Culture through Children’s Picture Books: A New Kind of Reading or a New Kind of Child?

Download (PDF, 976KB)

Author: Christina Belcher, Redeemer University College, Canada
Email: cbelcher@redeemer.ca
Published: November 12, 2018
https://doi.org/10.22492/ijcs.3.2.03

Citation: Belcher, C. (2018). Culture through Children’s Picture Books: A New Kind of Reading or a New Kind of Child? IAFOR Journal of Cultural Studies, 3(2). https://doi.org/10.22492/ijcs.3.2.03


Abstract

Children’s picture books are anything but neutral. As culture moves ahead, technology within society gives and it takes away. The purpose of this paper is to explore how changes in the foundational patterns of life can be seen through the pages of a picture book, and how patterns of recognized change become harbingers of a quasi-prophetic voice pertaining to the future. Through a modified content comparative analysis coupled with the learning heuristic of epistemological shudders (Charteris, 2014), this paper examines three older children’s picture books and their revisions in a later decade. In evidence of the resultant cultural changes, questions emerge. What view of culture, both past and current, do children’s stories portray? How has writing in a picture book changed the perception of child and adult relationships? Results consider the perception of the family/child relationship, and what is now perceived to be a typical family life. This investigation reveals some interesting ground to be held as part of an overarching narrative, not just through the historical evidence of picture books, but within the larger fabric of hope and direction for future readers who may experience a cultural worldview that encourages them to become the stories they tell.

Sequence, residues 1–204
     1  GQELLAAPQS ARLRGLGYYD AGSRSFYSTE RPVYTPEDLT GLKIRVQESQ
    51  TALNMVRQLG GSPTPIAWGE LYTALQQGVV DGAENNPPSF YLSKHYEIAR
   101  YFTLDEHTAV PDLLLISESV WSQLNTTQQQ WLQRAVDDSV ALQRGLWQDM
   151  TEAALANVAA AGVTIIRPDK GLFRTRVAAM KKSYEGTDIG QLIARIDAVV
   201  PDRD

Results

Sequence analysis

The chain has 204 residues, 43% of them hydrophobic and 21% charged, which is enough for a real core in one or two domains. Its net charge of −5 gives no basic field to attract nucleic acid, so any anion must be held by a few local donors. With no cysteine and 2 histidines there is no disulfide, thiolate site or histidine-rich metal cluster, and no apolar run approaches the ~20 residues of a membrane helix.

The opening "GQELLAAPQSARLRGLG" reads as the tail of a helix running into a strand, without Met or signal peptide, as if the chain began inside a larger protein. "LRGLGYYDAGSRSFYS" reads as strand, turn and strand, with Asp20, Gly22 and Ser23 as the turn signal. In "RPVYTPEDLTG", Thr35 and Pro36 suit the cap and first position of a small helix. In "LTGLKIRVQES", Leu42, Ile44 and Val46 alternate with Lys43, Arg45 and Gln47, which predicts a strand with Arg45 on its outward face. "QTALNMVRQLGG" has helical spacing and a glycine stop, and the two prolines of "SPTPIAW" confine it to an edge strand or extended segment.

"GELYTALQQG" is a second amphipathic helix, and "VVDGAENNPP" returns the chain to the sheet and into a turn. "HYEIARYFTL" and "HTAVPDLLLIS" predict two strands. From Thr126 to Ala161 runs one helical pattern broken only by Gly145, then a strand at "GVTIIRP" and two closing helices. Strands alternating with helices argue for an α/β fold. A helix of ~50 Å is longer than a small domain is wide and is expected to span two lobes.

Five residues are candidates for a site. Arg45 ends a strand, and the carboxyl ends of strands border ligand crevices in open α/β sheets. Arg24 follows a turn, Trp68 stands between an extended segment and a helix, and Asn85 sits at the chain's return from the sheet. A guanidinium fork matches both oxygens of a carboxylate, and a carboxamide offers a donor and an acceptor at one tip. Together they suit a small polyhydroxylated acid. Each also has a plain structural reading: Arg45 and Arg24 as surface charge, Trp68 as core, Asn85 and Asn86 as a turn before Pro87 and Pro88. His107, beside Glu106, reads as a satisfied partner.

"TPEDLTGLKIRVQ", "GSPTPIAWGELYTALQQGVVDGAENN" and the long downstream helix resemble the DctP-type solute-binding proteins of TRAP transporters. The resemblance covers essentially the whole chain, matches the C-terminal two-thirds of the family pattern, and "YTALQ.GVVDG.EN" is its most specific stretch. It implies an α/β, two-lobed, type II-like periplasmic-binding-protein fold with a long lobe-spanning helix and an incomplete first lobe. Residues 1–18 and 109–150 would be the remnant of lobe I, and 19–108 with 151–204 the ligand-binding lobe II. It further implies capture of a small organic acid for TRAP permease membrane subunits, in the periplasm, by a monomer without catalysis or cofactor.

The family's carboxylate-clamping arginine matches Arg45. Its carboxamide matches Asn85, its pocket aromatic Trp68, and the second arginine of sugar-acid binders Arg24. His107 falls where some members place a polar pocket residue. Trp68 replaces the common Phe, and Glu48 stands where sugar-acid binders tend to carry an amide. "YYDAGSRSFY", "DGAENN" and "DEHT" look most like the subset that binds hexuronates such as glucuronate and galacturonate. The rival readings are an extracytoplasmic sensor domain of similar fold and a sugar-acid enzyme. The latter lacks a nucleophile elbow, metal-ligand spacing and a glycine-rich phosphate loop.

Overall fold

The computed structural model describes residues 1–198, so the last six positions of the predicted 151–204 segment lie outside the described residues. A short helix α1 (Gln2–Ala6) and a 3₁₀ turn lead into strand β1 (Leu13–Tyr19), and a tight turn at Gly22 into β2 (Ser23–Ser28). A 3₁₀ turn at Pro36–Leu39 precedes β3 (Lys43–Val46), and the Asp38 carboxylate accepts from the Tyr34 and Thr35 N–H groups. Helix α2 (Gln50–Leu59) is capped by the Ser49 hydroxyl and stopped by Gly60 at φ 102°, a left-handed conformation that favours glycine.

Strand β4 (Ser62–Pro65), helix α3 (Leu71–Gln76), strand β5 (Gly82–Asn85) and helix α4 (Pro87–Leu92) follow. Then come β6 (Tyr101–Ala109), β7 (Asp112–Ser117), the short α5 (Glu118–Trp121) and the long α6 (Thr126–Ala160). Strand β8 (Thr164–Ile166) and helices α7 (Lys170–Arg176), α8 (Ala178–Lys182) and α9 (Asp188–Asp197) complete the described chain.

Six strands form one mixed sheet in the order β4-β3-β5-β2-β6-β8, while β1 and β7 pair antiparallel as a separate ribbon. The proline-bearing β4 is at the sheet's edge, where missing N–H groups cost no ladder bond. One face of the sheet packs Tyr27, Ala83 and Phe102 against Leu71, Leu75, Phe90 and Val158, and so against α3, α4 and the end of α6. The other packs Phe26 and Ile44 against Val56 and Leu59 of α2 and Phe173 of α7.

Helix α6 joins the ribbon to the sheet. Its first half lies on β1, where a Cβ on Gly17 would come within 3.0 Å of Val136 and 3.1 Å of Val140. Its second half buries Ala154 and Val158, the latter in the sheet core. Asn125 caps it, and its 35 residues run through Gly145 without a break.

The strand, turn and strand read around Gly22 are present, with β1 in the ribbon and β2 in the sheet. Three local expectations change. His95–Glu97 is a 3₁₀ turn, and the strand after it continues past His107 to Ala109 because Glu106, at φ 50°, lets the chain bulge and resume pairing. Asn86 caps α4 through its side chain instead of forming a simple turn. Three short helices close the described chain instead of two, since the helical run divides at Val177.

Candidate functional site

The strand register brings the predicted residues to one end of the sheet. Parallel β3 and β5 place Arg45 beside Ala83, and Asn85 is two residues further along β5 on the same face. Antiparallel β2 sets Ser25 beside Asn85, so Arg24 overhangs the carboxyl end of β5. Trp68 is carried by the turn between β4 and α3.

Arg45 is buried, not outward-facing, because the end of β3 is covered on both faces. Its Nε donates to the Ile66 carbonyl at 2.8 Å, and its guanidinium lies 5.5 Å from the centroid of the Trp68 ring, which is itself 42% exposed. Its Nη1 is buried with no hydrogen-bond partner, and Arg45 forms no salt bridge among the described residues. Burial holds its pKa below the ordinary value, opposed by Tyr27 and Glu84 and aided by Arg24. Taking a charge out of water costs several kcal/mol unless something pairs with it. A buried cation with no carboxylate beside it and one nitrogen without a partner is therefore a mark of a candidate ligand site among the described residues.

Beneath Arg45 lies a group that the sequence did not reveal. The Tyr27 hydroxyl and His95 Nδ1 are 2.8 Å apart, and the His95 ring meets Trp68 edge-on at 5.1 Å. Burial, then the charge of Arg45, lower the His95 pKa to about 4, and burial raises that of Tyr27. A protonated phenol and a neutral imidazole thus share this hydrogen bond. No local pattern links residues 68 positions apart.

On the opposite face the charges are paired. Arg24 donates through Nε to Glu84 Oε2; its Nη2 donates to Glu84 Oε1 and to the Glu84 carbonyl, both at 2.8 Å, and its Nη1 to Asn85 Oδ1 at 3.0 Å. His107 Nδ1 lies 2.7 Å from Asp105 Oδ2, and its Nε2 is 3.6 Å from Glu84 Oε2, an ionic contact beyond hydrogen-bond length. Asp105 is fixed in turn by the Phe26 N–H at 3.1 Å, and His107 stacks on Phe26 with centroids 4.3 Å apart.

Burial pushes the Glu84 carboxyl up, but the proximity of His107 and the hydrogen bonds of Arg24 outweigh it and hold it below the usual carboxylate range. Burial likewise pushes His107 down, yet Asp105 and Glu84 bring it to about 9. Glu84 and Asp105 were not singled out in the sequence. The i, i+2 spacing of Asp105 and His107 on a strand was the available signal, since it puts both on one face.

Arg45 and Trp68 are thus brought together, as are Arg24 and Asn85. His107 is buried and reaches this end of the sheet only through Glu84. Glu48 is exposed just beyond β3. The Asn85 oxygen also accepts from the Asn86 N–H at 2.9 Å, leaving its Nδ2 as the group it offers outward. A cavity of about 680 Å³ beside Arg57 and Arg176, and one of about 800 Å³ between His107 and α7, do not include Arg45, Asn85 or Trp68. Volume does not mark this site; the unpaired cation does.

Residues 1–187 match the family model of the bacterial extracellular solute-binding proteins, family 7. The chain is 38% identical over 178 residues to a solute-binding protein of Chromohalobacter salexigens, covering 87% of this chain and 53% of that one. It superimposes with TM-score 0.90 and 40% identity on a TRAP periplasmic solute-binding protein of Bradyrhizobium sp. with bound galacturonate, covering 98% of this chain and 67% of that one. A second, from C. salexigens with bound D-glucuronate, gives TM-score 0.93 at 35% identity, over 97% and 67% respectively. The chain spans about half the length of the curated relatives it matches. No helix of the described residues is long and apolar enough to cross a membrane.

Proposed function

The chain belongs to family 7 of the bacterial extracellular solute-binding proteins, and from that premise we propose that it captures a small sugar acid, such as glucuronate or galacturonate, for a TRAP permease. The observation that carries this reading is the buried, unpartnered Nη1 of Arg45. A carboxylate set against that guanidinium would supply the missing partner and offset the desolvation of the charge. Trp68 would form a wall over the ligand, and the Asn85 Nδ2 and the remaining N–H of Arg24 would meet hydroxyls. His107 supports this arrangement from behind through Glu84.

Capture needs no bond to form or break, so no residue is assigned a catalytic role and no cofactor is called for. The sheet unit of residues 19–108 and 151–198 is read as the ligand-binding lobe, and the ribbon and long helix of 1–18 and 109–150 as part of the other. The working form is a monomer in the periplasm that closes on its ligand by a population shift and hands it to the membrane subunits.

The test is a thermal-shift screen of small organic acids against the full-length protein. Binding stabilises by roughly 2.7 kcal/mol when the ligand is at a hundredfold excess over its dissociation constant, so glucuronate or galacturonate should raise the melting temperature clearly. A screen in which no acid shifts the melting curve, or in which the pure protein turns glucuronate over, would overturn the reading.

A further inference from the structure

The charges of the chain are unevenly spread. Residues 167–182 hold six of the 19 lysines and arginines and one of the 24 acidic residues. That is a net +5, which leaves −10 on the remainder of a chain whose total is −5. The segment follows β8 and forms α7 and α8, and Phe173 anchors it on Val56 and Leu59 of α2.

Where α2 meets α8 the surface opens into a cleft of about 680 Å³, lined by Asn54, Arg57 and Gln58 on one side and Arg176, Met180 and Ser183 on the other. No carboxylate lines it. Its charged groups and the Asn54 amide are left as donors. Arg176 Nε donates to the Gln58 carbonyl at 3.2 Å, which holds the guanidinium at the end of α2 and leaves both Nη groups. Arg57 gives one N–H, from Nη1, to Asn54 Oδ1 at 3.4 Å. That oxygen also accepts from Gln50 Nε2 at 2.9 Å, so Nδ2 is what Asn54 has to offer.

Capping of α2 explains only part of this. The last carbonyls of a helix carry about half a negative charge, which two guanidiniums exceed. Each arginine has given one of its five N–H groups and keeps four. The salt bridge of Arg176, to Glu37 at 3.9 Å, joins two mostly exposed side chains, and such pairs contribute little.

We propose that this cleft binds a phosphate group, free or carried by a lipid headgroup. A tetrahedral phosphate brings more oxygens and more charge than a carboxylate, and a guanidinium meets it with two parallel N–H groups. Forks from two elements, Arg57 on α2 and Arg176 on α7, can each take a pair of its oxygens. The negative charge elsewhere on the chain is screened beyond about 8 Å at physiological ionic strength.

Keywords

picture books, modern, post-modern, tech-fictive, family, culture, worldview